A Cover With a Thousand Words

I don’t know about you, but I’m a sucker for a great book cover. Though I purchase most of my books based solely on friends’ recommendations, if I stroll into a bookstore and am drawn to a book’s cover, and also connect with the content, it’s coming home with me. So, when it came time to designing my debut novel’s cover, I knew I needed one that would stand out, given that I’m new to this arena. 

In the many years it took for me to complete my novel, the content, and, subsequently, the title, changed many times. My original title was “The Transitory Nature of Souls.” I thought (and still think) it perfectly describes the book’s underlying theme. Again, I noticed that when I said it out loud, my friends were dubious, suggesting it sounded like a non-fiction book on spirituality, rather than what it is, which is a fictional, spiritual mystery. But I ignored them and sent out the completed manuscript to about twenty agents.

Though they all rejected it, two agents suggested that I re-write the book from a teen’s perspective, explaining that first-time authors have a much easier time landing YA book deals than adult novel deals. It wasn't what I wanted to hear, but it made sense for a lot of reasons. So, back to the drawing board, I went. When the YA version was complete, I knew it needed a more YA sounding title. Eventually, I landed on “Snapped.” I thought it sounded, well, snappy, and aligned well with certain content elements. But when I tried to develop a vision board around this title, I drew a complete blank. And then I started to see wolves – even more so than usual – in my dreams and whenever I meditated. I felt this was a sign that wolves needed to be in the title, which made sense, because I planned to give all of my author proceeds to the Wolf Conservation Center (WCC), and because wolves are cool and haunting, which played well with my story. After playing around with loads of different ideas, I eventually landed on “A Boy in Wolf’s Clothing.” I thought the name evoked curiosity; is the boy at the heart of the story darker and more complex than imagined, or is there a wolf shape-shifting element involved? My friends were still dubious, believing it was too long and confusing, especially for a YA book. Yet, again I ignored them and delivered my completed manuscript to prospective agents with this title.

Fast forward a few long and agonizing months later. A publisher accepts my novel, but they also feel the title is “clunky” and “confusing.” My publishing team and I then spent weeks sharing titles back and forth. After an exhausting few weeks, we finally agree on Winter of the Wolf. A month or so later, the publisher’s art/marketing team presented me with four cover options, but I didn’t particularly love any of them, and I really wanted to. As I sat at my desk one day, praying for inspiration as my deadline was fast approaching, I looked up and saw it!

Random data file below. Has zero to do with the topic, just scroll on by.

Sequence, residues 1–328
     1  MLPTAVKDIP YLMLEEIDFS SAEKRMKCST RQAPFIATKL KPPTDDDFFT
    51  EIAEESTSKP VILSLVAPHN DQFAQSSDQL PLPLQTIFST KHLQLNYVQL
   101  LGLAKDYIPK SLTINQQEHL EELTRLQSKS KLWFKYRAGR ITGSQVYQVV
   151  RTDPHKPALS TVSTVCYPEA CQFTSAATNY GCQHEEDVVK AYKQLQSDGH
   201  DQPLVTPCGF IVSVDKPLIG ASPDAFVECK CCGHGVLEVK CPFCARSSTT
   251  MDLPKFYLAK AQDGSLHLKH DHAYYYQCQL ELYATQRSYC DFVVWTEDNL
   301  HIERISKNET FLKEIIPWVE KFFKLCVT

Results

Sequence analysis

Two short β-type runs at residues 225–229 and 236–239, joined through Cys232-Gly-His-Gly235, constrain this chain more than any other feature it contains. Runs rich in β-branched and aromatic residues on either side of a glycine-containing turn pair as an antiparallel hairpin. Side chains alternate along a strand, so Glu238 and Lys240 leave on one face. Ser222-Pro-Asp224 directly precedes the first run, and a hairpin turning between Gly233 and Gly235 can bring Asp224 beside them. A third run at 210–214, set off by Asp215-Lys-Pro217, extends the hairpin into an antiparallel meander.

Let me back up. Five months prior, an artist named Erik Fremsted had DM’d me. He wanted to sell prints he'd made of a wolf and donate a portion of the proceeds to the WCC. When I played his videos and saw his images, I was blown away. He’d painstakingly researched and minutely written out the history of wolves in the US into the shape of a wolf, and then had watercolored over the words. I’d never seen anything quite like it.

I helped make the partnership happen, and I bought two of his prints: the wolf and the bison. When they arrived, I couldn’t believe my eyes. Erik’s videos and files, though amazing, couldn’t begin to capture the beauty and depth of his work. I proudly hung the wolf print in my office, where I could see it every day.  

I was so in awe of his work and dedication that I kept reaching out to Erik so I could learn more about him. We quickly became email buddies. And I bet you can guess the rest of this story – I looked at the print in my office that day and knew that it would make the perfect cover for my novel and, thankfully, Erik agreed.

Erik and his work are so unique that I wanted to share his videos and links, and this Q & A session I recently had with him. 

Q. How did this concept of using written words incorporated into your art pieces to help save endangered species happen?